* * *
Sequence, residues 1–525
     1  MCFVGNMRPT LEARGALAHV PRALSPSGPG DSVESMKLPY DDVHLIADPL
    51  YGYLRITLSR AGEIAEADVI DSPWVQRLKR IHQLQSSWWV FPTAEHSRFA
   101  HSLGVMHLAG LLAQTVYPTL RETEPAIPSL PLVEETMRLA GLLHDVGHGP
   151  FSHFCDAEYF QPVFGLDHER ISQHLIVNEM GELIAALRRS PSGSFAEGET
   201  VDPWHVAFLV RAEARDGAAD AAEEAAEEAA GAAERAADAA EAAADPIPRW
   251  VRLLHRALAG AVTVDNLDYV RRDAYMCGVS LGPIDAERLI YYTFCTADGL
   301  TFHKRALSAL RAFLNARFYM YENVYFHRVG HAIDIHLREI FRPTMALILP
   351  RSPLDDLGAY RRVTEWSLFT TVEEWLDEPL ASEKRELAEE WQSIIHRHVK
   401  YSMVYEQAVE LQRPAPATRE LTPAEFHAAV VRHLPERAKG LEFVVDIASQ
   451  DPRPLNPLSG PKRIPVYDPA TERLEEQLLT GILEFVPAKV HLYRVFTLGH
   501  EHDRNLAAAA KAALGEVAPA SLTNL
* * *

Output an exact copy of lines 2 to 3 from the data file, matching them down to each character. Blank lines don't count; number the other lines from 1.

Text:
     1  MCFVGNMRPT LEARGALAHV PRALSPSGPG DSVESMKLPY DDVHLIADPL
    51  YGYLRITLSR AGEIAEADVI DSPWVQRLKR IHQLQSSWWV FPTAEHSRFA